There are loads of photos in the album for Aleppo, but here's a large sampling of some yesterday's memories:

Sweets for Sale and a Light Lunch

In and Around the Souks (Bazaars)

( video: Frying Egg in Oil in Syria )

Six for Tea

Playing on the Rooftops of Aleppo (Directly Above the Souks)

The City's Massive Citadel

Aleppo is one of the oldest inhabited cities in the world; it knew human settlement since the 11th millennium BC.

The Citadel is a large fortress built atop a huge, partially artificial mound rising 50 meters above the city. It is considered to be one of the oldest and largest castles in the world.

Usage of the Citadel hill dates back at least to the middle of the 3rd millennium BC. Subsequently occupied by many civilizations including the Greeks, Byzantines, Ayyubids and Mamluks. The current structure dates from the 13th century and had been extensively damaged by earthquakes.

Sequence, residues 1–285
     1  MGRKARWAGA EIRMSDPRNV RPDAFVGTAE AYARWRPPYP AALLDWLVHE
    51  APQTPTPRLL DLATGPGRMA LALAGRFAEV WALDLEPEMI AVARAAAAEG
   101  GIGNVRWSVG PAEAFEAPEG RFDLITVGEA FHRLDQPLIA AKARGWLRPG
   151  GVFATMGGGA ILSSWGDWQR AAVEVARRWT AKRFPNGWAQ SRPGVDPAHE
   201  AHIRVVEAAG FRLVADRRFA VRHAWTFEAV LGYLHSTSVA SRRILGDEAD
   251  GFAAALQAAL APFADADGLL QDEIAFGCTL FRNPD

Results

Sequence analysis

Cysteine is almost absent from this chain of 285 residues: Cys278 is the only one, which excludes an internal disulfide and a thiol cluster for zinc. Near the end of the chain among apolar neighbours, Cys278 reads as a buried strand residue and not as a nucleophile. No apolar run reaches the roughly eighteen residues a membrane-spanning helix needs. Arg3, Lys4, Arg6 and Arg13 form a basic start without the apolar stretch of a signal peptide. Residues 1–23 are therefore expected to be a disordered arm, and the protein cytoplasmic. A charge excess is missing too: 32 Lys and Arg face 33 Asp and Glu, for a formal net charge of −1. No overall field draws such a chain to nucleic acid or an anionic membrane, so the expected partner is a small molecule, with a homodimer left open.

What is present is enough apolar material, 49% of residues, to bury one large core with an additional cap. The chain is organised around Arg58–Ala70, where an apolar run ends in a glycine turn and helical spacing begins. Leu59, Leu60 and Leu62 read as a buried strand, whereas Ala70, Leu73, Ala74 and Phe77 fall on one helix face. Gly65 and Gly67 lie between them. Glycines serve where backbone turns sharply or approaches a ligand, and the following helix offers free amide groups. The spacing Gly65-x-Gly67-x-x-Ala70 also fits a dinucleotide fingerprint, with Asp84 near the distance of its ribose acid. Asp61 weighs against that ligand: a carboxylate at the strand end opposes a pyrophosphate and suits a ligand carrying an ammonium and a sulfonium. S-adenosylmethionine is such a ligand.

Aleppo's Ancient Tradition of Making Soap

The composition of traditional Aleppo soap includes olive oil, oil of Bay Laurel berries and soda ash (sodium carbonate). The history of the soap industry in the Middle East dates back over nearly five millennia, and the production of Aleppo soap hasn't changed much since its inception, with the tradition being passed to each generation.

Pictured below you can see large pots used to boil the oil, after which it's pumped up stairs (previously carried) and poured on the inset, wax-papered floor. The soap eventually dries, at which point workers divide the area with a rake into the individual bars of soap.